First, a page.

Don’t quit. You are closer than you think. Did you know? The average ‘overnight success’ takes between five and ten years to occur (in the case of Steve Jobs, it took almost two decades.
Yep. Annoying, isn’t it? If you have launched your own business or are halfway into the start up process, it’s easy to become discouraged. It’s easy to doubt your sanity.
You may be one of those folks who has “harbors aren’t what ships are for,” ingrained on a permanent loop in your head. Good. If you have a spark of vision for What Could Be, don’t lose it.
“Success seems to be largely a matter of hanging on after others have let go.” ~ William Feather
A visual of independence that I hold in my head: a lone hiker at the summit of a great mountain. From this height, she is able to look back at the obstacles she has overcome; the challenges she faced and the solutions she generated in order to circumvent them.
She had many opportunities to rest, and there were some switchbacks taken. Some shortcuts that turned out to be dead ends… but her vision of reaching the mountaintop was the fuel that kept her going when it would have been easier to turn back.
There may have been other climbers along with her that would encourage her to do so, saying, “You’ve come so far! You’ve already achieved so much. You should be proud and happy of doing so well.”Â
Persistence and belief in her goal are the keys to her blasting through those well-intentioned thoughts and attaining the summit.
This week prior, I had an opportunity to refocus and recommit myself to “the summit.” I had landed a great meeting with a CEO of a nonprofit that has a direct connection with employing the women we serve through Women With Drive Foundation. Going into the meeting, I had a vision of connecting our organization with businesses who would need a workforce.
I left with an appointment and an assignment to do some work on our organization in order to fit the scale of a metropolitan area the size of Chicago. Cue the deflating Pac Man sound, right? Wrong. This was a gift.
“…But the moment you turn a corner you see another straight stretch ahead and there comes some further challenge to your ambition.”Â ~ Oliver Wendell Holmes, Jr.
How many times have we begun a project only to be thwarted a few days, weeks, months or years into the task? Anyone who has attempted a goal has met with unexpected delays, unforeseen outcomes and misjudged reality.
These obstacles are tools meant to not only test your mettle, but to help you flex your independence muscles. At this stage in the game, your ability to assess and distill the lesson from the obstacle determines your next steps.
Â How creative can you be?
Â *Have* you been going in the wrong direction?
Â How skilled are you at sifting out opportunity from chaos?
Â What lessons will you learn?
Â What will you leave behind as you make your ascent to the mountain top?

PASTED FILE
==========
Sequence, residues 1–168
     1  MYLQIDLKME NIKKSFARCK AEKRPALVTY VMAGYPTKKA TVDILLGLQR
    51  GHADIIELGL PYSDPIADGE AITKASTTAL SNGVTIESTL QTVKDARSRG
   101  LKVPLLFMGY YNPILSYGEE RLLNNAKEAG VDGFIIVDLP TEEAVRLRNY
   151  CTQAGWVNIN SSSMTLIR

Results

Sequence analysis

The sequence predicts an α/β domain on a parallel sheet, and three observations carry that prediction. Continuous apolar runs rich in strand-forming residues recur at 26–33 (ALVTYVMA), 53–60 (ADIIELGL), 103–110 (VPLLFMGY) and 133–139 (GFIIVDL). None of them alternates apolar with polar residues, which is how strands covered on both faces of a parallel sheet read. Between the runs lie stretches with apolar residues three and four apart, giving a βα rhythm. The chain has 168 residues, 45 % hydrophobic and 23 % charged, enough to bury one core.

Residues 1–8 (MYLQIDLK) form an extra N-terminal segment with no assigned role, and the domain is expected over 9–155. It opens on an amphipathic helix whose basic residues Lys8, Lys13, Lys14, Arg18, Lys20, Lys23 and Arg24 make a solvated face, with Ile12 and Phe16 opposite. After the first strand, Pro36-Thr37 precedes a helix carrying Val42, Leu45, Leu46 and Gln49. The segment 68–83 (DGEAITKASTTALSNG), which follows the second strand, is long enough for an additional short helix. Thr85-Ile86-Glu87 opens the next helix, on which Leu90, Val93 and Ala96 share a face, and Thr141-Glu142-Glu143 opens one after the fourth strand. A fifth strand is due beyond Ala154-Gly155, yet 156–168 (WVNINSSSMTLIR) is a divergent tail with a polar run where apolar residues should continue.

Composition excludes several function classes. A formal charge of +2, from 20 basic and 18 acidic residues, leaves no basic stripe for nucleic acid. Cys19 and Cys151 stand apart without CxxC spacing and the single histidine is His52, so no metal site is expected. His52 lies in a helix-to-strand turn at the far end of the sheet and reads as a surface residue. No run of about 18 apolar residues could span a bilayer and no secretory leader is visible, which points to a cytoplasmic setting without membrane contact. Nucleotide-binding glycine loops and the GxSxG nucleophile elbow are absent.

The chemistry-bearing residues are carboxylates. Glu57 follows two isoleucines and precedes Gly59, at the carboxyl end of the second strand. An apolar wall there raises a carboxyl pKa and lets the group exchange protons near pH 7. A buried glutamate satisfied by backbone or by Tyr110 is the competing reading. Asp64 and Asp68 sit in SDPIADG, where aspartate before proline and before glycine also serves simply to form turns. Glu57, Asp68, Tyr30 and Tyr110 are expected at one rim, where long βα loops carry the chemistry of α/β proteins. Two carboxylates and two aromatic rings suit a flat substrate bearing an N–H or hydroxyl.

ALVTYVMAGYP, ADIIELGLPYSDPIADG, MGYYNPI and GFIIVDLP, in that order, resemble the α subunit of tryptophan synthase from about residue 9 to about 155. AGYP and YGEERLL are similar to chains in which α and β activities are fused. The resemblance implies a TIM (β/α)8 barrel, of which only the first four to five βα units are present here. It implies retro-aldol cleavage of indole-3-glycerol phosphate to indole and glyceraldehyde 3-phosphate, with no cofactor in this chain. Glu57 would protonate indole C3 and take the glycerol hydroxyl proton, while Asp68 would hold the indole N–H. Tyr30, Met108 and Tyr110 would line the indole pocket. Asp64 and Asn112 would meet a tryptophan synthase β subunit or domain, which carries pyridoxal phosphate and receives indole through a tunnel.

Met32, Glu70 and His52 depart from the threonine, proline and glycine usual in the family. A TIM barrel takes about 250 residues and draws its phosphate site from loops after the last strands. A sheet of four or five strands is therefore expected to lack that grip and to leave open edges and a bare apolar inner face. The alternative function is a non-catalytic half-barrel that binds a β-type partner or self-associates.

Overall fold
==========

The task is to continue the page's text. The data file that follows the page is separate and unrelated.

Â How badly do you want your vision to materialize?
“A door opens to me. …I go in and am faced with a hundred closed doors.”Â ~ Antonio Porchia, Voces, 1943, translated from Spanish by W.S. Merwin
This quote reminds me of a movie reference from Cinderella. Two intrepid mice, Jaq and Gus, get the key to Cinderella’s room from the pocket of the stepmother. On the other side of the door that the key unlocks, they encounter a mind-numbing spiral of stairs that reaches the top of the turret, where they plan to free Cinderella.
Sometimes, we work so hard toward a goal that when we finally achieve it, we are dismayed to find that it is merely an intermediate goal. Upon “succeeding,”Â we are faced with yet even more challenges. It can be very easy to feel discouraged at this point.
That is precisely why, at this time, that we must review our ultimate goal, our motivations for achieving it and refresh our vision of what it will mean for us to realize it. We must begin again, refocusing and persevering until we finish what we started.
Obstacles are not only ‘those frightful things that we see when we take our eyes off our goal,’ they are the very things that develop our muscles that help us achieve our goals. Pay attention to the obstacles that present themselves as you “climb your personal mountain.” These are your opportunities for growth and development.
That is the way to independence. What obstacles have you overcome to get where you are? How did you do it?
Molly Cantrell-Kraig is a woman with drive. Possessing an innate sense of purpose and a pragmatic, solution-based approach to empowering people, she fused these two traits in order to establish Women With Drive Foundation. Based upon its founder’s personal history, Women With Drive Foundation is a means through which Cantrell-Kraig may effect change on both a micro and macro level. By providing women with something as essential as personal transportation in order to transition them from poverty to prosperity, she, through Women With Drive Foundation, seeks to empower women to help them help themselves. Through this action, the individual applicant benefits, as does society as a whole. Follow Molly on twitter asÂ @mckra1g orÂ @WWDr1ve (Women With Drive) or like them on facebook.